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Customer Review

1 of 1 people found the following review helpful
3.0 out of 5 stars A bit flat, 26 Nov. 2012
This review is from: The Meme Machine (Popular Science) (Paperback)
Like many other reviewers I found this book a bit flat. The first third of the book is actually very interesting and has some exciting ideas. I like the idea that meme-gene co-evolution caused our big brains. There are certainly a few ideas that memetics sits well with. Culture does evolve and many of things we do do not offer us any particular biological advantage. This book attempts to address the reason why we do those things. It is in some ways a theory of how human culture developed: of interest to those studying art and culture.

What this book lacks however is science. A lot of the ideas are pure speculation and it's hard to take a lot of it seriously without good evidence. As the book progresses, the theory of memetics becomes weaker and weaker until Dr Blackmore ditches the theory altogether. Mid-way she spends some time on religion and alien abduction explaining why people believe in such fallacies. However, none of this really has anything to do with memes and these subjects certainly don't deliver any exciting memetic theory. I don't need to read a book on memetics to learn that most alien abduction stories probably aren't true.

And that's another thing this book lacks: a point. Although the idea of memetics is an interesting one, what grand theory does it really deliver? I was hoping for some exciting and controversial explanation for humanity but this book doesn't offer that. In fact, since memetics is largely concerned with mimicry, I think most people will find more answers and more science in books on psychology which certainly deal with mimicry and learning but use evidence to back their claims.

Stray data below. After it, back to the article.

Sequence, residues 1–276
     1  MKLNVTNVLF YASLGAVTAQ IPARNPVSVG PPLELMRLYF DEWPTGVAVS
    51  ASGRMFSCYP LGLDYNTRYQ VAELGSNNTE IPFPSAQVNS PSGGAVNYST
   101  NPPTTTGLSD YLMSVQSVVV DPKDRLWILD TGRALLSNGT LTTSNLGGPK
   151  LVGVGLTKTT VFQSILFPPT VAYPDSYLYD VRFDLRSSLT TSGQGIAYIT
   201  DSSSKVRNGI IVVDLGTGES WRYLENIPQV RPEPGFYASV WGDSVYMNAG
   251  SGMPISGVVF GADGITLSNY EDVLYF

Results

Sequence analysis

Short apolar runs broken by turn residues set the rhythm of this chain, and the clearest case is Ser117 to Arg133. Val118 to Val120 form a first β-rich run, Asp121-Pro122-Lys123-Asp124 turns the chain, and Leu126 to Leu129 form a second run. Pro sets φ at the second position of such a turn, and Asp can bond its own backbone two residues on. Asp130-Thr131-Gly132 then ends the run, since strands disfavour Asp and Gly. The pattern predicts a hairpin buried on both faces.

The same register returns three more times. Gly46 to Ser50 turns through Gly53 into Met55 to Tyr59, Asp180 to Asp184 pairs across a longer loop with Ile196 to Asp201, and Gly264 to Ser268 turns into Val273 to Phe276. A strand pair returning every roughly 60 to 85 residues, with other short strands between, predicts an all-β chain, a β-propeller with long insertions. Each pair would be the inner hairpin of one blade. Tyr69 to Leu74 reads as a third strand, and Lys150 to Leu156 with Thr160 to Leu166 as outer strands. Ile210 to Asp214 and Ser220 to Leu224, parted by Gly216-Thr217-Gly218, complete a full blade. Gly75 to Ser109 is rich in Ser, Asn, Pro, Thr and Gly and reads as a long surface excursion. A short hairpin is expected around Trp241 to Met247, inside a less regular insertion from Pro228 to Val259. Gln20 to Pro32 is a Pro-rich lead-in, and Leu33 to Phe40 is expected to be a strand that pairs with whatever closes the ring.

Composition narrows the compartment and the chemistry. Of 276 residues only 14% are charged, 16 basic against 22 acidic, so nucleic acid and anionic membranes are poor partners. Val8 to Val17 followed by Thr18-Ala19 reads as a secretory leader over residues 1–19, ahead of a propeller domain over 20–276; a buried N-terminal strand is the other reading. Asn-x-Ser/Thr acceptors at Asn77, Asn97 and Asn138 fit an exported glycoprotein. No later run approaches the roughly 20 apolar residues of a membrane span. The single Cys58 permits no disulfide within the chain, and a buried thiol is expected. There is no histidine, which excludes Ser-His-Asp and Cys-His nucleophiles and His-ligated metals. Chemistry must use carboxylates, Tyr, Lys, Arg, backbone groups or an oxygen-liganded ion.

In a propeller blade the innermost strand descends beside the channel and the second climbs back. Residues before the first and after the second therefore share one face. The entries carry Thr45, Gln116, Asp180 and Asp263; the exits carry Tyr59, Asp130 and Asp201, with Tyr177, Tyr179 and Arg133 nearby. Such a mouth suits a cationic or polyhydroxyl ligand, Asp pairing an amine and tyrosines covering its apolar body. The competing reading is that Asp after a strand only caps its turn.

In a sense memetic theory gives a reasonably good explanation to why humans are distracted by culture, and why some pieces of culture work and others do not. At one time mimicry provided a genetic advantage (copying the tools other people made, etc.) but the idea-as-a-replicator gave us brains that are constantly distracted by things other than procreation so gave birth to art and religion. But for me the theory stops there. There's really not much else it can say that is of any use or interest. It's a bit flat. The first third is worth a read but the theory just fizzles out.
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